We spent time in the States over the Thanksgiving and Christmas holidays this past season... more than we should have if our dwindling bank account is any indication.
But it's not just the difference in how much more things cost in Arizona and the Midwest (where our families live) than where we live in Ecuador (and most all of Latin America, to be honest)...
There are some other little cultural differences that this trip has us considering:
The weather. This one may seem obvious, but when you are used to a daytime temperature averaging a delightful 75 degrees day in and day out, it can be very tough to deal with a bone-chilling daytime high of 5 degrees. Ouch. Not to mention that this type of winter climate suffered north of the Rio Grande can cost you a small fortune in heating bills and coats and mittens and boots and... well, you get the idea. We suppose that's why closets in Latin America tend to be small. You just don't need all that survival gear.
Courtesy Suzan Haskins, InternationalLiving.com
Food. In the U.S., healthy food costs more and you often have to go out of your way to find it, while food that's bad for you is cheap and plentiful. The opposite is true in Latin America, where we have abundantly available local produce...often plucked from the ground the very day you buy it. And that's year-round. For $10 we can buy almost more than we can carry at our local mercado. And in our little town we do not have a single fast-food chain restaurant.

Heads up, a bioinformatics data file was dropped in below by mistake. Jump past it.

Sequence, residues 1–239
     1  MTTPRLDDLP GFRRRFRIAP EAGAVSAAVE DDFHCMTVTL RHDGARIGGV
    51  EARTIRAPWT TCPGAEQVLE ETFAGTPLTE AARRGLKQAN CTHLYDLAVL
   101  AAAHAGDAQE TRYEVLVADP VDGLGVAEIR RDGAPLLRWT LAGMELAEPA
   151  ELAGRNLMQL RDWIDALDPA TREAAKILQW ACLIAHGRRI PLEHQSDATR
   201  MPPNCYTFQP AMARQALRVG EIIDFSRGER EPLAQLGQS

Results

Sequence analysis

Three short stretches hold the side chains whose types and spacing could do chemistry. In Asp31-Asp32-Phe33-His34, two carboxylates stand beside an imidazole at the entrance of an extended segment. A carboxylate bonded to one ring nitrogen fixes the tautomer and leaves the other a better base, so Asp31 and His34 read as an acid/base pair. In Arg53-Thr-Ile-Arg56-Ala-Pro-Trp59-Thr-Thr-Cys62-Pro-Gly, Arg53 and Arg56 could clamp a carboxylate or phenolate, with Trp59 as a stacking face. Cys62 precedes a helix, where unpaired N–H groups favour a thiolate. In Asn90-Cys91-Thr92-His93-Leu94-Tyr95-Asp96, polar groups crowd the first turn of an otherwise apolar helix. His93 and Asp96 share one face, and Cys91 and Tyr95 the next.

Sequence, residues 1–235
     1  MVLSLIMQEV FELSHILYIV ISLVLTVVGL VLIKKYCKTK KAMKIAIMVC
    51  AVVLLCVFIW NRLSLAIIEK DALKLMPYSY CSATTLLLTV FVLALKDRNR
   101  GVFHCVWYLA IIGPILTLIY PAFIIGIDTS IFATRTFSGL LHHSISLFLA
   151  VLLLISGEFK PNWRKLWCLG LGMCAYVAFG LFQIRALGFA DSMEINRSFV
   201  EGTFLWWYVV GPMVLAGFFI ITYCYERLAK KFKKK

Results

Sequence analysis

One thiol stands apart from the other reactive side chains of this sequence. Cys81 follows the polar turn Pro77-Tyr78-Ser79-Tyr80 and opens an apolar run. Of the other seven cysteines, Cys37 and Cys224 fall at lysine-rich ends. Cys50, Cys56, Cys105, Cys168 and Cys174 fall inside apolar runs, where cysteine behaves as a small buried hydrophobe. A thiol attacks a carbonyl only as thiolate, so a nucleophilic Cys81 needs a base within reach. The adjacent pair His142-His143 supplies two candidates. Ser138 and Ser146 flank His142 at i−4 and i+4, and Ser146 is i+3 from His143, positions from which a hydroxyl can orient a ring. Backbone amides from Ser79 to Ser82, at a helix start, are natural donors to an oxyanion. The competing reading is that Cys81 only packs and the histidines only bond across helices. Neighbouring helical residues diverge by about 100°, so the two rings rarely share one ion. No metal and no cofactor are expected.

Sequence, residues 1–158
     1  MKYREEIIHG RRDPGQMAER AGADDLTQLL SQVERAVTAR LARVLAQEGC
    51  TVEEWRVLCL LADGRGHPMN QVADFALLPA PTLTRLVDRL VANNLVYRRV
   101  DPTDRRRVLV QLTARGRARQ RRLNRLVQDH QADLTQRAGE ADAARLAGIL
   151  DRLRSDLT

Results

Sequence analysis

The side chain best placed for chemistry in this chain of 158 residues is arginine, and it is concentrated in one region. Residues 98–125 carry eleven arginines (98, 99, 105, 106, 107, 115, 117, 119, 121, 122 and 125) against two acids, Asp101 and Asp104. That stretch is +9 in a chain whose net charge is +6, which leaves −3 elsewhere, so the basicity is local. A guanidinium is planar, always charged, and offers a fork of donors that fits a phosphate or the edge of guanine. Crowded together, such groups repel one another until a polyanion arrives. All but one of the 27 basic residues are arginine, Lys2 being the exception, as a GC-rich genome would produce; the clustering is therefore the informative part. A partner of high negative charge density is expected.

People. Obesity levels are on the rise everywhere in the world. And the U.S. seems to have more than its fair share of this problem, possibly related to the things we've already mentioned. Fast, processed, unhealthy food is cheap. Bad weather (and dare we say it, the internet and television) keeps lots of people from getting outside and doing much exercise.
On a positive note, we encountered lots of nice, friendly people in the States and it was a guilty relief to give our Spanish conversation brains a rest for awhile. (Although we did speak Spanish a fair amount in Arizona and even on one occasion in Omaha. And it felt really good to be able to converse with those Spanish-speakers.)
Public transportation. In Latin America it's easy and inexpensive to hop on a bus or grab a taxi to take you across town or across the country. That's how most of the population gets from place to place. That's not the case in most of the U.S., where a vehicle is practically a requirement. Happily we did try Uber on our recent visit to Omaha and had a good experience with that.
There are lots of (enforced) laws in the U.S. For good or bad, in the U.S. you'll find zoning ordinances, noise ordinances, laws about seat belt usage... You have to carry a bag and pick up after your dog when you're out an about in public places. Jaywalking is against the law. So is raw, unpasteurized milk. You can't drink a beer on the street corner. And on and on...